Can the Orioles Afford to Lose Nelson Cruz?
Anyone could have signed Nelson Cruz this off-season.
Last year, Cruz missed the last 50 games of the season after he was suspended as part of MLB's Biogenesis PED investigation, and no one was interested in taking a chance on him. A lot of that had to do with the fact that the Texas Rangers, his old team, made him a qualifying offer that would have required whatever team signed him to relinquish their first-round draft pick, provided it was not a protected top-10 pick.
Cruz made the miscalculation of turning down Texas' qualifying offer of $14.1 million for 2014, and later signed with Baltimore for $8 million. The Birds had already relinquished their first round pick (number 17 overall) in order to sign free agent starter Ubaldo Jimenez. That did not go well. However, you can bet the Orioles didn't miss the second rounder (number 55 overall) that they had to give up for Cruz, who was simply the best home run hitter in baseball this year.
One year after hitting .266 with 27 homers and 76 RBI in 109 games, Cruz had the best season of his career in 2014, while playing in Camden Yards.
And now, he's their living, breathing, playoff hero.
Cruz' two-run home run in Game 3 of the NLDS against the Tigers in Detroit gave Baltimore all the runs they would need in their series-clinching 2-1 victory. In the brief three-game series Cruz went 6-for-12 with 2 homers, 5 RBI and 4 runs scored, helping lead the Orioles to their unlikely sweep of the Tigers. As a result, the O's will now play in their first American League Championship Series since 1997.
Obviously there's still more work to do for the Orioles. But had they not signed Cruz, it's unlikely they would be in a position for their first trip to the World Series since winning it all in 1983.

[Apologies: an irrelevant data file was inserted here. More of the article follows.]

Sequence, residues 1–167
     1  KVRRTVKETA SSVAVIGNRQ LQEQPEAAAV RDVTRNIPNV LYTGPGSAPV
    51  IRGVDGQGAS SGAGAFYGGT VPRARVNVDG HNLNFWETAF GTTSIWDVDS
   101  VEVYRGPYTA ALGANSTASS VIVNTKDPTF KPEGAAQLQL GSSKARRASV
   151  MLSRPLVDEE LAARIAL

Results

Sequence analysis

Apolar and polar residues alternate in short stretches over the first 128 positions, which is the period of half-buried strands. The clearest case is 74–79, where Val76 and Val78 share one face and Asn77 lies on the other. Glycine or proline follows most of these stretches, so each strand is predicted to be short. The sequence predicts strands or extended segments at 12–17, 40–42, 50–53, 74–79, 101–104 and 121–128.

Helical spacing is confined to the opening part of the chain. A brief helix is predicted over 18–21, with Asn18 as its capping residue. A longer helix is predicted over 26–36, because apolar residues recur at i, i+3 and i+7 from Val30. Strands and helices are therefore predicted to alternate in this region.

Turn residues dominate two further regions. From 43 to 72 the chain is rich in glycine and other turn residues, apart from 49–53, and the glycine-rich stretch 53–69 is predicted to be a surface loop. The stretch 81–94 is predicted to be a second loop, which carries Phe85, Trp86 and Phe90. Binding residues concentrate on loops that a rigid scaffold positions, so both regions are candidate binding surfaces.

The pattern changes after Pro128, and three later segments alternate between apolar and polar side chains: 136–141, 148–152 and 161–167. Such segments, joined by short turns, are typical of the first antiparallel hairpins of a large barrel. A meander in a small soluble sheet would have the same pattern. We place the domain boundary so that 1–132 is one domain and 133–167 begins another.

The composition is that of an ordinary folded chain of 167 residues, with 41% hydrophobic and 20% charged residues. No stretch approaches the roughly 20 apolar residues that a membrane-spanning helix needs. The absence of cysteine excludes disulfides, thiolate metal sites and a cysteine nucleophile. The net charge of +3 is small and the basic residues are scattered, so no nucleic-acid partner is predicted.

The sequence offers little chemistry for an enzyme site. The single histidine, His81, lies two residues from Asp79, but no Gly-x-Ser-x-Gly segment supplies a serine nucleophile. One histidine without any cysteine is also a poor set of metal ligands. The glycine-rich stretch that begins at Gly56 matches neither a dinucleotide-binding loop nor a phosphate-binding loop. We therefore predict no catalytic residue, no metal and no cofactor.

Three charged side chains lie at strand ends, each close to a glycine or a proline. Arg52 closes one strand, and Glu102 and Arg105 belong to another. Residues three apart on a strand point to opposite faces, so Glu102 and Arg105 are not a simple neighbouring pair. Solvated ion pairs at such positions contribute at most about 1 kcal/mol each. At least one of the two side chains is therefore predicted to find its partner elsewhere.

Nelson Cruz' free agency is going to be one of the more fascinating cases this season. Cruz led all Major Leaguers in homers this year with 40, was 4th in RBI with 108, his isolated power (ISO) of .254 was 7th, his .525 slugging percentage was 8th and his nERD of 2.20 - meaning a lineup full of Cruzes would have generated 2.20 more runs a game than a league average player - was 24th-best.
He will undoubtedly be the best pure power hitter on the MLB free agent market this off-season (not counting Cuban slugger Yasmany Tomas).
Of course, there are reasons teams will once again stay away. The Orioles will likely extend Cruz a qualifying offer, meaning any team without a top-10 protected draft pick will have to surrender their first-rounder in order to sign him. He's also going to be 34 years old in 2015, and given his outstanding 2014 season, will likely be looking for at least a three-year deal, if not more.
In addition, Cruz' defense in the outfield leaves a lot to be desired, ranked 60th out of 76 qualified Major Leaguers in total defense, as calculated by FanGraphs. He's more of a designated hitter than an everyday outfielder, which will limit his likely suitors to American League teams.
Of all the teams in baseball, the O's have the least incentive to offer him a long-term deal. As I mentioned above, they can simply make him a qualifying offer, and if he takes it, he's theirs for another year. But if he doesn't, the Orioles will receive another team's first-round pick (or a second rounder if the acquiring team's first-rounder is protected) and still have Adam Jones (who hit 29 home runs this season), Steve Pearce (21), Chris Davis (26) and Nick Markakis (14), as well as the returning Manny Machado, Matt Wieters, and Jonathan Schoop. All of them have the potential to provide above average power from their respective positions.
Virtually every team in the Majors is craving power hitting outfielders. For teams that may just be a hitter or two away, the risks on the back end of a multi-year deal, as well as giving up a first round pick, may just be worth the price of chasing a world championship.
Certainly, Baltimore doesn't mind that trade right now, just four wins away from their first World Series appearance in 17 years.